More Details Hide Details Reed remained active doing benefits and composing music. He contributed vocals to the third Gorillaz album, Plastic Beach, on the song "Some Kind Of Nature", and co-wrote and performed backup music for a chen-style t'ai chi instructional DVD. Reed also co-produced and created original music for a tai chi series entitled Power and Serenity. He had a co-production credit on Laurie Anderson's Homeland.
    In 2009, Reed became an active member of the Jazz Foundation of America (JFA).
    More Details Hide Details
    Reed provided the voice of Maltazard, the villain in the 2009 Luc Besson animated film Arthur and the Vengeance of Maltazard, and played himself in Wim Wenders' movie Palermo Shooting (2008).
    More Details Hide Details
    At Lollapalooza, held in Chicago's Grant Park, Reed played "Sweet Jane" and "White Light/White Heat" with Metallica at Madison Square Garden as part of the twenty-fifth anniversary celebration of the Rock and Roll Hall of Fame on October 30, 2009.
    More Details Hide Details
    The trio played further shows at New York's Gramercy Theater in April 2009, and appeared as part of Reed's band at the 2009 Lollapalooza, including a ten-minute free trio improvisation.
    More Details Hide Details
  • 2008
    On October 2 and 3, 2008, he premiered his new group, which was later named Metal Machine Trio, at REDCAT (Walt Disney Concert Hall Complex, Los Angeles).
    More Details Hide Details The live recordings of the concerts were released under the title The Creation of the Universe. The trio featured Ulrich Krieger (saxophone) and Sarth Calhoun (electronics), and played free improvised instrumental music inspired by Reed's 1975 album Metal Machine Music. The music ranges from ambient soundscapes to free rock to contemporary noise.
    On October 1, 2008, Reed joined Richard Barone via projected video on a spoken/sung duet of Reed's "I'll Be Your Mirror" with cellist Jane Scarpantoni, in Barone's FRONTMAN: A Musical Reading at Carnegie Hall.
    More Details Hide Details
    They married on April 12, 2008.
    More Details Hide Details
  • 2007
    In October 2007, Reed gave a special performance in the Recitement song "Passengers".
    More Details Hide Details The album combines music with spoken word, and was composed by Stephen Emmer and produced by Tony Visconti. Hollandcentraal was inspired by this piece of music and literature, which spawned a concept for a music video.
    In August 2007, Reed went into the studio with the Killers in New York City to record "Tranquilize," a duet with Brandon Flowers for the Killers' B-side/rarities album, called Sawdust.
    More Details Hide Details During that month, he also recorded guitar for the Lucibel Crater song "Threadbare Funeral" which appears on their album The Family Album.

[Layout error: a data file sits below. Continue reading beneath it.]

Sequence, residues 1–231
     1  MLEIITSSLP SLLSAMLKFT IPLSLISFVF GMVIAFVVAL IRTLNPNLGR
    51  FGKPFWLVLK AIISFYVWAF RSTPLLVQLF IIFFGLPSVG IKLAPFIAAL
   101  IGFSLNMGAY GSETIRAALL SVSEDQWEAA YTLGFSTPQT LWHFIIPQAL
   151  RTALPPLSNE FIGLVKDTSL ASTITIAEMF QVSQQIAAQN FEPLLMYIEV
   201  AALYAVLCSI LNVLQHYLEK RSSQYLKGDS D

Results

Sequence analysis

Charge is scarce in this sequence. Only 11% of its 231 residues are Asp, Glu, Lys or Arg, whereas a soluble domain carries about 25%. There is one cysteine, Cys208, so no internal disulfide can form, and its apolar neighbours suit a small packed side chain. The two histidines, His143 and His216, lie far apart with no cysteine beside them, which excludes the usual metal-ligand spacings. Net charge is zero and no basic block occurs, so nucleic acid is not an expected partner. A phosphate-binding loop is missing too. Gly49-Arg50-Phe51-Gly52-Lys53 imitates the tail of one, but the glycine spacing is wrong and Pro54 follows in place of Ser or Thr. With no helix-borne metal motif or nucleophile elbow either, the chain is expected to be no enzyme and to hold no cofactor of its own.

In June 2007, he performed live at the Traffic Festival 2007 in Turin, Italy, a five-day free event organized by the city.
    More Details Hide Details That same month saw the re-release of Reed's and The Underground's Pale Blue Eyes, as part of the soundtrack of the French-language film, The Diving Bell and the Butterfly (imdb.com).
    In May 2007, Reed performed the narration for a screening of Guy Maddin's silent film The Brand Upon the Brain.
    More Details Hide Details
    In April 2007, he released Hudson River Wind Meditations, a record of ambient meditation music.
    More Details Hide Details It was released on the Sounds True record label and its four tracks were said to have been composed just for himself as a guidance for t'ai chi exercise and meditation.
  • 2006
    In December 2006, Reed played a first series of show at St. Ann's Warehouse, Brooklyn, based on his 1973 Berlin song cycle.
    More Details Hide Details Reed was reunited on stage with guitarist Steve Hunter, who played on the original album as well as on Rock 'n' Roll Animal, as well as joined by singers Anohni and Sharon Jones, pianist Rupert Christie, a horn and string section and the Brooklyn Youth Chorus. The show was produced by Bob Ezrin, who also produced the original album, and Hal Willner. The stage was designed by his neighbor and best friend, painter Julian Schnabel, and a film about protagonist "Caroline" directed by his daughter, Lola Schnabel, was projected to the stage. A live recording of these concerts was also published as a film (directed by Schnabel) which was released in 2008. The show was also played at the Sydney Festival in January 2007 and throughout Europe during June and July 2007. The album version of the concert, entitled Berlin: Live At St. Ann's Warehouse, was released in 2008.
    In October 2006, Reed appeared at Hal Willner's Leonard Cohen tribute show "Came So Far For Beauty" in Dublin, beside the cast of Laurie Anderson, Nick Cave, Anohni, Jarvis Cocker, Beth Orton, and others.
    More Details Hide Details According to the reports, he played a heavy metal version of Cohen's "The Stranger Song." He also performed "One Of Us Cannot Be Wrong" and two duets — "Joan of Arc" with Cohen's former back-up singer Julie Christensen, and "Memories" with Anjani Thomas.
    At the 2006 MTV Video Music Awards, Reed performed "White Light/White Heat" with the Raconteurs.
    More Details Hide Details Later in the night, while co-presenting the award for Best Rock Video with Pink, he exclaimed, apparently unscripted, that "MTV should be playing more rock n' roll."
    In January 2006, a second book of photographs, Lou Reed's New York, was released.
    More Details Hide Details
  • 2005
    In 2005, Reed recorded a spoken word text on Danish rock band Kashmir's album No Balance Palace.
    More Details Hide Details
  • 2004